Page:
Essential Hard Skills Every Marketer Should Learn

From an understanding of data analytics to UX design, marketing requires a variety of hard skills from various disciplines to succeed. Here are five essential non-marketing hard skills to develop.   

Written by Margaret Lee
Published on Apr. 16, 2024
Essential Hard Skills Every Marketer Should Learn
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After 10 years of managing marketing teams, I’ve observed marketing evolving from intuition-led efforts to data-driven science. This shift has raised the stakes, making visibility in a competitive market more costly.

The era of marketing as mere guesswork, fueled by creativity and psychology, has faded. Now, it’s governed by data, with new tools not only streamlining our tasks but also replacing roles. Yet, as we pursue the latest tech, the quest for adept individuals becomes akin to finding a needle in a digital haystack.

5 Non-Marketing Hard Skills Every Marketer Should Know

  1. Understanding of unit economics.
  2. A T-shaped expertise.
  3. Data analytics fundamentals.
  4. UX and UI design basics.
  5. Project management skills.

So, what makes a marketer stand out in this dynamic crowd? Let’s take a look at some essential hard skills every marketer should learn.

 

5 Hard Skills Every Marketer Should Learn

Throughout my experience in marketing, I’ve pinpointed five key skills that truly shaped my journey and boosted my teams’ effectiveness: 

 

1. Understanding of Unit Economics 

Unit economics is fundamental to financial strategy and budget optimization in any organization. By understanding it, you ensure every dollar spent is a dollar well-invested. It stands as the strategic core of decision-making. This comprehensive insight is indispensable for marketers to visualize the broader impact of their strategies on the business’ health and trajectory.

For you, as a marketer, to effectively implement your strategies and advocate for them before stakeholders with confidence, a deep understanding of the business is a must-have skill. Consider the intricacies of acquisition costs, service pricing and profit margins. Without a grasp of these elements, aligning marketing goals with business objectives becomes a hit-or-miss endeavor.

For example, imagine a scenario where your manager allocates $10,000 for pay-per-click (PPC) advertising, aiming for a cost per lead not exceeding $50. A PPC marketer might find this budget unrealistic due to the higher cost per click in markets like the U.S., for instance. 

Without a solid understanding of unit economics, a marketer might simply request more funds. In contrast, a marketer well-versed in unit economics would inquire about the lifetime value (LTV) of a customer, overall acquisition costs and the company’s profit margins. Armed with this information, you could advocate for a higher spending threshold that aligns with the LTV, potentially tripling the ad spend allowance to $150 per lead, thereby outpacing competitors in lead acquisition.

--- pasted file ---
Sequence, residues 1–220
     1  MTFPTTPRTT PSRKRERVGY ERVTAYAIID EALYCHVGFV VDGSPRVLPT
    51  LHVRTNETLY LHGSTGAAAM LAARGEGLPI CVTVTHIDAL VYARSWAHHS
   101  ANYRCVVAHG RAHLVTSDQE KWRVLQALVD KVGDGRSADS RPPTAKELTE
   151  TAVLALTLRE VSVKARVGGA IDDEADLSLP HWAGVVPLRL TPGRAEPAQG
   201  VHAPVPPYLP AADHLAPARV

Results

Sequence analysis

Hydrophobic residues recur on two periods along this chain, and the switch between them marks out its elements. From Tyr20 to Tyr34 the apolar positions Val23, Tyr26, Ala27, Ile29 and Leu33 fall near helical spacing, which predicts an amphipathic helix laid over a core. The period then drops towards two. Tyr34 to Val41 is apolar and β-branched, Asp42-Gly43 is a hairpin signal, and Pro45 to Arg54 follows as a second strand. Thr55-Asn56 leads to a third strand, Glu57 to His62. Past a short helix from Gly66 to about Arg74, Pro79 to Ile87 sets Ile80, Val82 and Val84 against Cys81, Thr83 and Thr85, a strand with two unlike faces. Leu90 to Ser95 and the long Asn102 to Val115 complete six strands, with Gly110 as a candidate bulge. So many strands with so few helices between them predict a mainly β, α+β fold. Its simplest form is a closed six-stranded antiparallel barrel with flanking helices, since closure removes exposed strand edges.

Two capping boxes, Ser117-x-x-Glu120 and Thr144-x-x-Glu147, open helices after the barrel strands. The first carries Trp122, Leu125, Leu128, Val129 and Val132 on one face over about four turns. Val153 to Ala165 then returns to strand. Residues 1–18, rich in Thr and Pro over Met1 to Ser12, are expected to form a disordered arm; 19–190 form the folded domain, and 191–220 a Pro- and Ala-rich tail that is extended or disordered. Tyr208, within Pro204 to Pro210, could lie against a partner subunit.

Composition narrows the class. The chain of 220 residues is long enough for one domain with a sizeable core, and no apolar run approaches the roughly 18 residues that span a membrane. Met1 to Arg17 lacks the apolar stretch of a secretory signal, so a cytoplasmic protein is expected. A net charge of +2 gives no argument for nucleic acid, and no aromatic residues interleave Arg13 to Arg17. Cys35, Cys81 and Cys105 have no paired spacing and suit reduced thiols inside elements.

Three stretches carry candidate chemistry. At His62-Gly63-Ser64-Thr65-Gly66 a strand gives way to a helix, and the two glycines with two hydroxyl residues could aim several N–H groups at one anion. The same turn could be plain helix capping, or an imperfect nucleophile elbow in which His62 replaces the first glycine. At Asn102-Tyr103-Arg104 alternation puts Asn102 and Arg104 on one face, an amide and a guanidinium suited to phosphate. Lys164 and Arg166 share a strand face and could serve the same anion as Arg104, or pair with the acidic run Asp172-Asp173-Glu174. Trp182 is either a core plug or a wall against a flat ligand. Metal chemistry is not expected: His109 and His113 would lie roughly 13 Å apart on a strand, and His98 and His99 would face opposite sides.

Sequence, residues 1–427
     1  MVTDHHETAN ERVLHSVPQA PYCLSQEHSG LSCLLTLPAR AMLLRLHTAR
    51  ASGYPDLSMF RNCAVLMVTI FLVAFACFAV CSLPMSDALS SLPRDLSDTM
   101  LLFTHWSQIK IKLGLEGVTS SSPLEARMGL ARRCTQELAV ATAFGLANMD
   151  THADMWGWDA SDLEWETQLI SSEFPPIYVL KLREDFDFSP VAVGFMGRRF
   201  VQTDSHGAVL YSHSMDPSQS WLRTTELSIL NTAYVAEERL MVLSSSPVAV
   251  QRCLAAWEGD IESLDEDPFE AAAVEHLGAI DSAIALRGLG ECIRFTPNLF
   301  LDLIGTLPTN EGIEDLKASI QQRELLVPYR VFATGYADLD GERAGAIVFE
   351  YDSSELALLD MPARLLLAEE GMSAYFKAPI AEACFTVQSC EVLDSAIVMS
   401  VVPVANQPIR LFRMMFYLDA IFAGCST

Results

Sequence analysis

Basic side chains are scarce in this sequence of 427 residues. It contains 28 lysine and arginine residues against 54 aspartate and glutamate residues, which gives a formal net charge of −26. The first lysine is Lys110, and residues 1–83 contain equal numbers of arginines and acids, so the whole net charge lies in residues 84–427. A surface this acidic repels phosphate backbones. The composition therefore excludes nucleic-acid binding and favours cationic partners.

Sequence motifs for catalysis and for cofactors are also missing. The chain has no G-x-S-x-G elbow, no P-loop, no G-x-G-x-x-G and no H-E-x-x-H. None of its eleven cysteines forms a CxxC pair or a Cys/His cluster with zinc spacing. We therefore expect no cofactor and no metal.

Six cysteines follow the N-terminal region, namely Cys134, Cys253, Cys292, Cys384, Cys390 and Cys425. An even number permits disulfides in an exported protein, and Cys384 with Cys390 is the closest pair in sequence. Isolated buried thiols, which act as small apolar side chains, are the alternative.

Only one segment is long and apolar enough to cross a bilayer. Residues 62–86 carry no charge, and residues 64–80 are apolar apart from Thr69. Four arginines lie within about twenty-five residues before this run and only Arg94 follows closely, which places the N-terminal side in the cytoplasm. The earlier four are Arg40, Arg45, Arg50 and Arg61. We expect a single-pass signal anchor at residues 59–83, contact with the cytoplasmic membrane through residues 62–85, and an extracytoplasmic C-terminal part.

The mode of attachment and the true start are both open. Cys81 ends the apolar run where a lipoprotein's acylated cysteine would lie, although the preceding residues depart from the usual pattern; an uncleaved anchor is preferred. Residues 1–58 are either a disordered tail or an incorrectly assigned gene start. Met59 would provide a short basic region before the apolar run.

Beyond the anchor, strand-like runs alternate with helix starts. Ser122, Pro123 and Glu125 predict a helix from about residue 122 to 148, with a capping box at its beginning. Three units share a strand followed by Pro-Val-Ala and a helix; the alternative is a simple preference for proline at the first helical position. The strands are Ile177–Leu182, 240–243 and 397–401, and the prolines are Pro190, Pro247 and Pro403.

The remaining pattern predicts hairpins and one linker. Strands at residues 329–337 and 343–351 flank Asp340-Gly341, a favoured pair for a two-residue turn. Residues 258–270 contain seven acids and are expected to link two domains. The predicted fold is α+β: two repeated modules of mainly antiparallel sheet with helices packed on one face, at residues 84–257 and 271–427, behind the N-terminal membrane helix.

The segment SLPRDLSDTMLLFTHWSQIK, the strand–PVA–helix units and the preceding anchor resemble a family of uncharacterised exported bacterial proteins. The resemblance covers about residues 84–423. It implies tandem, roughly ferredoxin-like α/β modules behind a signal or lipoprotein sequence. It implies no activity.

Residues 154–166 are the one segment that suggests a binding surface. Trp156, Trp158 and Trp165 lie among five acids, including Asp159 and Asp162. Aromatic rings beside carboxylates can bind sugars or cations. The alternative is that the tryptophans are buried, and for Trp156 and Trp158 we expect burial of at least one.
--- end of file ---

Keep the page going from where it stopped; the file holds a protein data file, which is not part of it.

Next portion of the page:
This knowledge empowers marketers to make decisions that not only seek profitability but also strategically allocate resources for maximum impact. Without a unit economics background, marketing leaders might operate under restrictive budgets that inadvertently hinder growth and market share expansion.

More on Marketing9 Steps for Marketing Automation

 

2. Embrace a T-shaped Expertise

Ever since assuming a leadership role within our marketing team at Belkins, I’ve been a proponent of the T-shaped model. I always encourage my team to develop a blend of broad knowledge and deep expertise in specific areas. This approach pushes us to expand our expertise and find new acquisition channels. 

T-shaped marketers redefine the traditional notion of specialists. They are, in essence, versatile generalists with a keen edge in one discipline. You need to possess what I like to call a “helicopter view” of the business. This means not just being a jack-of-all-trades but mastering at least one channel deeply while keeping a solid grasp on how others function.

For example, consider a PPC expert who seamlessly integrates SEO specifics, design sensibility and analytics insights. This broad skill set allows them to analyze the entire user journey, optimize landing pages, refine advertising campaigns with targeted keywords and ultimately improve conversion rates.

Embracing T-shaped expertise isn’t just about enhancing individual skills. It’s about fostering a holistic view that enables marketers to see beyond their silos, connecting dots across disciplines to drive strategic success. 

 

3. Learn Data Analytics Fundamentals

As we navigate through digitalization, the capacity to analyze and integrate data into actionable marketing strategies has become a pivotal skill. Let’s see what capabilities you need to develop to excel in marketing: